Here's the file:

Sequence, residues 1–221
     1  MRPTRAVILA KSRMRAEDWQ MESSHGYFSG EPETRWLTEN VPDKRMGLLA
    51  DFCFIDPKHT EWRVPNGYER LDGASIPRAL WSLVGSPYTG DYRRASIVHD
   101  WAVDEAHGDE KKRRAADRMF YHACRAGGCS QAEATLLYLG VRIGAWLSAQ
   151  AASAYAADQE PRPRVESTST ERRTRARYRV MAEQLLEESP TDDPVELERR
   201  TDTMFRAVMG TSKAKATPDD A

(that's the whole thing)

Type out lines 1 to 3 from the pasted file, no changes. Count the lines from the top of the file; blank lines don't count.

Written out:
Sequence, residues 1–221
     1  MRPTRAVILA KSRMRAEDWQ MESSHGYFSG EPETRWLTEN VPDKRMGLLA
    51  DFCFIDPKHT EWRVPNGYER LDGASIPRAL WSLVGSPYTG DYRRASIVHD